Thursday, August 23, 2007

Putting Some English on School Improvement.

Let's say you're the principal of a very successful elementary school. Staff is great. Kids are doing well. Things are generally great. Would you increase your current workload to help a similar, though less well-performing school? Leave your building for a part of each week? And take your assistant principal with you, too? (Note: there is a stipend for the effort.)

If you have a moment, fish the Aug. 1 issue of Education Week out of your reading pile. It's worth taking a glance at page 8 and their focus on world learning. Accessing the article online requires a free registration-- or use of your existing one -- but Lynn Olson's article ("In England, Top 'Heads' Oversee Two Schools at Once") gives another perspective on how principals in some successful schools in England are helping their colleagues (and the students) in struggling schools through a privately funded initiative. It's particularly intriguing in light of our own school improvement efforts at AWSP and in Washington state.

Here's the gist of it: High-performing head teachers -- the equivalent of American principals -- are paired with low-performing schools with similar characteristics. It's part of an initiative in England known as National Leaders in Education (NLE) /National Support Schools (NSS), operated by the National College for School Leadership, a private entity that reads more like a corporation than a traditional institution of higher education. You can read their goals and corporate plan online.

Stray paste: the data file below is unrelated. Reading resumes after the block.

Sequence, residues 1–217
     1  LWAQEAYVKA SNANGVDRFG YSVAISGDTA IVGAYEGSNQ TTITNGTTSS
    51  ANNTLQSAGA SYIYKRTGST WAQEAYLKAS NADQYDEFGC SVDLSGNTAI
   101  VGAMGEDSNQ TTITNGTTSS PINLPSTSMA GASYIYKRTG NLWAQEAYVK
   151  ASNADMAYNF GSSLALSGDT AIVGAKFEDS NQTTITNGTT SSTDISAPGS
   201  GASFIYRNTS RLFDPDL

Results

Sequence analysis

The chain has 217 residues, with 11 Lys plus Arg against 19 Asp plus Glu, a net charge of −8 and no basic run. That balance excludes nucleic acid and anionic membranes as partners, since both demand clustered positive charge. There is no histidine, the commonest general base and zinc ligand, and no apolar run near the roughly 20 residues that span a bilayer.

The scope of work apparently varies from school to school depending on the nature of the contract between the "NLEs", their school and the local school district.The program started in 2006 with 68 schools and a second cadre of 59 schools has been added. NLEs in the first cohort were paid approximately $10,000 for their work.

Lawrence Montagu, the head teacher at St. Peter's High School and Sixth Form in Gloucester, is one of the NLEs mentioned in the story. His perspective largely tracks with AWSP's own role in the state's school improvement efforts:
"You take into the school a vision of what's made your school successful," he said, "but do not tell them that's the way to do it. I think to transport one school to another is a recipe for disaster."
Take a read and let us know what you think. Should we broaden our efforts in Washington state and incorporate more of the NCSL program into ours? As a principal of a low-performing school, would you welcome this sort of help? As the principal of a high-performing school, ould you do this if you could?

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